Syracuse shuffles defensive linemen through front in search of stability
Ziniu Chen | Staff Photographer
As of right now, there are no defensive tackles in the Syracuse locker room. There are no nose tackles or defensive ends, either. Only defensive linemen.
That’s the way defensive line coach Tim Daoust and the rest of the Syracuse coaching staff are addressing the units at least, shuffling them regularly through spring ball in search of finding a successful rotation.
With Jay Bromley off to the NFL, the group is left with no leader and a number of questions.
“It’s really been by committee,” Daoust said. “We’re playing a lot of guys in there.”
With three rising seniors — nose tackle Eric Crume and defensive ends Micah Robinson and Robert Welsh — there is experience on the line, but the production has been limited. The trio managed just seven sacks and 17.5 combined tackles for loss last season, compared to Bromley’s 10 sacks and 14.5 tackles for loss despite regular double teams.
Each showed flashes of potential, but none were consistent playmakers.
“It’s a different road that I’m not used to as far as being a leader,” Crume said, “but I’ve just got to step into my role and keep getting better. Like everybody else on the D-line, we’ve just got to keep getting better.”
Also in the mix are rising senior nose tackle Ryan Sloan and junior defensive tackle Marcus Coleman, rising sophomore defensive end Isaiah Johnson and Ron Thompson, a rising junior tight end-turned-defensive end.
And by fall, it’s possible 6-foot-4, 330-pound junior college transfer Wayne Williams could crack the rotation, as well.
But currently, he’s focused solely on improving his conditioning. Defensive coordinator Chuck Bullough said he can only go for 5-10 plays at full speed.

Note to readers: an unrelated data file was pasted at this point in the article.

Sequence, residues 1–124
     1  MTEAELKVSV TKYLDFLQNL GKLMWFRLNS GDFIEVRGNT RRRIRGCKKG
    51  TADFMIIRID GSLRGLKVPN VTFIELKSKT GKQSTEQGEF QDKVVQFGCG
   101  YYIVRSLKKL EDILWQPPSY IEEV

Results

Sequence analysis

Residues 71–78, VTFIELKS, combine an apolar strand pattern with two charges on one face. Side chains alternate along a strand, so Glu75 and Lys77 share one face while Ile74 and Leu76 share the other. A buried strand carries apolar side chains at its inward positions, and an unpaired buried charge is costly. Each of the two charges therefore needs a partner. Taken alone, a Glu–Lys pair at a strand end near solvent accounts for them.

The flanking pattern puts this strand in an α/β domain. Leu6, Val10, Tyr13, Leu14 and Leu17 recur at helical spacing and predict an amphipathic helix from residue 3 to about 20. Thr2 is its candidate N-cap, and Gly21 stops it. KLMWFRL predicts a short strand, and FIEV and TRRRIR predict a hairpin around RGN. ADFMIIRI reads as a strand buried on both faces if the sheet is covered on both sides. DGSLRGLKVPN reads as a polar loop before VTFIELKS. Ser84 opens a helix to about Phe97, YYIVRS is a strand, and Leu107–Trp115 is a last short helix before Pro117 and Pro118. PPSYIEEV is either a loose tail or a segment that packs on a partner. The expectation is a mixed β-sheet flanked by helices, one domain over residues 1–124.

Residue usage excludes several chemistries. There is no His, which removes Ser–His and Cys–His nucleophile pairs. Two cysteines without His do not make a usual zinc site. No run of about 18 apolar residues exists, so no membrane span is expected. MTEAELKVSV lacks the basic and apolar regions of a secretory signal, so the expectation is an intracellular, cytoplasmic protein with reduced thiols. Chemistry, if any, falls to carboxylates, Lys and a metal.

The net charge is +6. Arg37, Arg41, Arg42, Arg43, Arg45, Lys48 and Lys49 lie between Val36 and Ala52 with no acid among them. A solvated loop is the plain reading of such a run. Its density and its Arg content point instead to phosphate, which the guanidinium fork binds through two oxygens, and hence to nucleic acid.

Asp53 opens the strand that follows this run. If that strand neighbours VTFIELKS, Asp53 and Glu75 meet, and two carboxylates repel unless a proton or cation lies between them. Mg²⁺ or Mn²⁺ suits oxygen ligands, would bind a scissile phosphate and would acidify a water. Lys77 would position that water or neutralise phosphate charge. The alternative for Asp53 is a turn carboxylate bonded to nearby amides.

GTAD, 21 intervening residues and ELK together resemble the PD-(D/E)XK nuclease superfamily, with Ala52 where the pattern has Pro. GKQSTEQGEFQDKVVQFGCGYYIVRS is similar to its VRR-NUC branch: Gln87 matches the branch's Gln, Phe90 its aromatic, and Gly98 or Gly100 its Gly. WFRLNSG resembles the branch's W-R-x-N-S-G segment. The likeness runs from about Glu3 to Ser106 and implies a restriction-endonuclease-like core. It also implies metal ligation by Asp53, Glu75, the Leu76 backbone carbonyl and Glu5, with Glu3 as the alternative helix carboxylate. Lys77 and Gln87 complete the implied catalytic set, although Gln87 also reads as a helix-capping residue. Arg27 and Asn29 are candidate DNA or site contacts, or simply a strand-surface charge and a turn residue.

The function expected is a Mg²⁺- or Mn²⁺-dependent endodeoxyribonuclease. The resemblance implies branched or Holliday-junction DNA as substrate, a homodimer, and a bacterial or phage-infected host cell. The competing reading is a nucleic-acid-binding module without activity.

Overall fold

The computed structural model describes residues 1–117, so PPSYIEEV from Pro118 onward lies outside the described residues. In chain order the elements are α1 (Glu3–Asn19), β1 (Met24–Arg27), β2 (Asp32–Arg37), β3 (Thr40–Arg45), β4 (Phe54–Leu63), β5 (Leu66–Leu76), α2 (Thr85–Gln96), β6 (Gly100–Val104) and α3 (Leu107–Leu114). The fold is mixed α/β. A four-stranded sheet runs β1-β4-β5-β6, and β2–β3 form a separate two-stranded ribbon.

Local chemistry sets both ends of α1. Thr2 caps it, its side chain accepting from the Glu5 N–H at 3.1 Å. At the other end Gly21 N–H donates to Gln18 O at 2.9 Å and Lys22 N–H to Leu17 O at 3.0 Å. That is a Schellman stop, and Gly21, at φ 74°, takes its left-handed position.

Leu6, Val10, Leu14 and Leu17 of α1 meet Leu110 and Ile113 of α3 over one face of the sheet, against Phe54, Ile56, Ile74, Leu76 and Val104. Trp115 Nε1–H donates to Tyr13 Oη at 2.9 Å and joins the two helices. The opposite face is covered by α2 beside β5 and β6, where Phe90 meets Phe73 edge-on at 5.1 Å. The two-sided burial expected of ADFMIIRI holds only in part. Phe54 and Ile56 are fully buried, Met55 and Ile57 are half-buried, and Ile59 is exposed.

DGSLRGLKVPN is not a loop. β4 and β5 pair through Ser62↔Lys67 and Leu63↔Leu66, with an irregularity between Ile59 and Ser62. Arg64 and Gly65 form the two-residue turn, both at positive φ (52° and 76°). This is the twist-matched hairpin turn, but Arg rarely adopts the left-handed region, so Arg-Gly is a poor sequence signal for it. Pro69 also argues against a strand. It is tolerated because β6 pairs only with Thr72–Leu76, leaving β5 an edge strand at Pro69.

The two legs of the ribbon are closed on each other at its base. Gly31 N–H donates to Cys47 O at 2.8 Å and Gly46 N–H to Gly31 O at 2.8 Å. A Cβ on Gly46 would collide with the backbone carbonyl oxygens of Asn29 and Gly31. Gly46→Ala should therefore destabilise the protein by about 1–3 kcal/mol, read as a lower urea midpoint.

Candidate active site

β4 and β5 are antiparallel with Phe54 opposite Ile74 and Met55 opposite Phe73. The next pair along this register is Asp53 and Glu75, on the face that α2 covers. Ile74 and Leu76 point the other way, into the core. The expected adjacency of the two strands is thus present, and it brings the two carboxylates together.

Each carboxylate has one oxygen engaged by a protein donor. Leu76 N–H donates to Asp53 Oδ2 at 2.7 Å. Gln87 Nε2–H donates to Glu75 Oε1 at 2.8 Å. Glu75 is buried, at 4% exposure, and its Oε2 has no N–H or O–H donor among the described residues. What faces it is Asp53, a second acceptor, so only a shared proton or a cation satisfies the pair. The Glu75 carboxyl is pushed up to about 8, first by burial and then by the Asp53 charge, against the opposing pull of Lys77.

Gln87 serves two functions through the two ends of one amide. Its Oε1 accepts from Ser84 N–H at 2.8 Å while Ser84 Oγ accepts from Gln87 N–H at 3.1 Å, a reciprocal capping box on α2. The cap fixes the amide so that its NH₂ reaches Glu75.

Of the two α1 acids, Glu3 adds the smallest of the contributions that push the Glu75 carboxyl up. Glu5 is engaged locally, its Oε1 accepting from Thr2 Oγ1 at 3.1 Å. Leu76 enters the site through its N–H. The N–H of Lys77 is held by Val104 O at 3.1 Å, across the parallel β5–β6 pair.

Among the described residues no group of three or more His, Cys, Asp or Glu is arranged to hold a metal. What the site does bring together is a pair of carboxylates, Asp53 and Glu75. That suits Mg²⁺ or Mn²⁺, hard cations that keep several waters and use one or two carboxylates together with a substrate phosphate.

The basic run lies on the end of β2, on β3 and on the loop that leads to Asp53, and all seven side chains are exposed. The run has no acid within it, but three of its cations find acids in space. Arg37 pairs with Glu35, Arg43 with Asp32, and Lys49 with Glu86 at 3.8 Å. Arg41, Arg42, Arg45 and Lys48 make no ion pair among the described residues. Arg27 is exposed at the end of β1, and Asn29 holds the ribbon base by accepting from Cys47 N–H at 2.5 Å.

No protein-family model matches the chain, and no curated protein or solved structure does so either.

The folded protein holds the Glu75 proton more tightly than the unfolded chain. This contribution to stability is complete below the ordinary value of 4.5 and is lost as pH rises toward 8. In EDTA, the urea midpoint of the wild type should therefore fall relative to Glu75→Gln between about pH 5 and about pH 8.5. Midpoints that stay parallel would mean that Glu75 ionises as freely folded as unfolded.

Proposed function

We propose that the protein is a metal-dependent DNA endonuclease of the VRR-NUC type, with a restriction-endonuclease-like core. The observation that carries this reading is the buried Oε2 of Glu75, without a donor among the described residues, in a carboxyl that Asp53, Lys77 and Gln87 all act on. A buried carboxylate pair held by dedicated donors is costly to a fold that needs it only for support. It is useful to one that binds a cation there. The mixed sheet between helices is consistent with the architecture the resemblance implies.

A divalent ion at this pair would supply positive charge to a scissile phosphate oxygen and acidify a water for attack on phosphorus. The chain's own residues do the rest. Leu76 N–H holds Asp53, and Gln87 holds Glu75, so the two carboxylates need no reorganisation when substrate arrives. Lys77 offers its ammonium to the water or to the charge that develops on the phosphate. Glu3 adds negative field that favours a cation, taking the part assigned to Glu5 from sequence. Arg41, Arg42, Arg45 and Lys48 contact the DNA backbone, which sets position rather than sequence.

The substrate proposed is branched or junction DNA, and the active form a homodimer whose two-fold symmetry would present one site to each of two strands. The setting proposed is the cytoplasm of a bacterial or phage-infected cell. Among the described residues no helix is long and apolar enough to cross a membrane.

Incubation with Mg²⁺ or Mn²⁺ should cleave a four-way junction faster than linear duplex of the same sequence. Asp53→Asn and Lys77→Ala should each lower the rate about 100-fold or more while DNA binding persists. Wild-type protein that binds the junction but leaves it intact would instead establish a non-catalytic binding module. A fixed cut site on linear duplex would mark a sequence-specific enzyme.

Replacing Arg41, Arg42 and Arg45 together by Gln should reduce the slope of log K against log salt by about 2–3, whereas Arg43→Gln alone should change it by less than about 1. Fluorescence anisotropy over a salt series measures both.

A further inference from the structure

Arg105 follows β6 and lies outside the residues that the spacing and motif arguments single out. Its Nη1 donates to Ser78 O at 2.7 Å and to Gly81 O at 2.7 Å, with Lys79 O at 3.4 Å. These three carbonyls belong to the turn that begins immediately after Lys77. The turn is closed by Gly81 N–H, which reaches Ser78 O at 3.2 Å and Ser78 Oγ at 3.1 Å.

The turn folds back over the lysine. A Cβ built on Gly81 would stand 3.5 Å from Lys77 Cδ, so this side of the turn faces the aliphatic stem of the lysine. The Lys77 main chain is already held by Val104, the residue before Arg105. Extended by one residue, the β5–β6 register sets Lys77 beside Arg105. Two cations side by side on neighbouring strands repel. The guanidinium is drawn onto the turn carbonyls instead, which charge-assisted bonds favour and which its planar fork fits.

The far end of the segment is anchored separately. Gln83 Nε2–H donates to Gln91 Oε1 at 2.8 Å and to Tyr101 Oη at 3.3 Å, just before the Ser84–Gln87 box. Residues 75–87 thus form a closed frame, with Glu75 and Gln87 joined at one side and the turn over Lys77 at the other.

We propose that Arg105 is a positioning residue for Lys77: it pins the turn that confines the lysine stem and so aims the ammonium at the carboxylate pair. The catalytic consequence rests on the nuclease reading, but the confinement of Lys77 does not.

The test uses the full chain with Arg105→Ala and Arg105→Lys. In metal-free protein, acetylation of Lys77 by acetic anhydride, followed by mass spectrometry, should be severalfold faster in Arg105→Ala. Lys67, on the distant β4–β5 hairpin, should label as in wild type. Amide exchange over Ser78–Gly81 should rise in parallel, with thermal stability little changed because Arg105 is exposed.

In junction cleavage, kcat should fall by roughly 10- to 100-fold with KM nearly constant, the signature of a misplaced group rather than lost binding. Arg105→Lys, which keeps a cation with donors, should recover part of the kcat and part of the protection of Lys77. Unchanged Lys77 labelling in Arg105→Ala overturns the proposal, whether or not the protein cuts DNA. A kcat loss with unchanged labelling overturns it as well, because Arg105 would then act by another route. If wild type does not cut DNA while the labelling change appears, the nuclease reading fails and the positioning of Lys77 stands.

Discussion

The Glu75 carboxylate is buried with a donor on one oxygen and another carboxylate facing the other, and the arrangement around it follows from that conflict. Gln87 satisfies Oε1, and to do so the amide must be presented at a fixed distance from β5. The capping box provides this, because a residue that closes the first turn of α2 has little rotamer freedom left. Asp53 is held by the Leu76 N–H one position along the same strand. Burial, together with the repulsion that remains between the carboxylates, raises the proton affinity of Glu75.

“When we first got to winter running, it was like, ‘Oh my God, he’s out of shape,’” Bullough said. “He was huge.”
Sloan and Coleman have gotten first-team snaps in Syracuse’s Okie and other three-down linemen sets, while Daoust emphasized Johnson’s improved conditioning and Thompson’s elite talent.
But in the team’s open practice last Tuesday, the highlights for the group came few and far between.
A swim move by Welsh, playing right defensive end, led to his swatting of a Terrel Hunt pass attempt, and ensuing championship belt celebration.
Surrounding that, though, were five lengthy touchdowns and limited pressure on the quarterback.
“Developing leaders right now is essential for our defensive unit,” Coleman said.
Last year, Bromley would keep the group in line after a lengthy running play or ineffective pass rush. As of now, no one has stepped up.
Crume, Robinson and Welsh seem to be the logical choices, but none have filled the role yet. And none have the talent that the NFL-bound Bromley did even as a rising senior.
It’s clear there will need to be more balanced production from the group. But only time and repetition will tell which defensive linemen become tackles and ends, and which are pushed to the back of the pack.
Said Coleman: “We’re trying to be one of the most aggressive and attacking defenses in the country.”
Published on April 15, 2014 at 12:10 am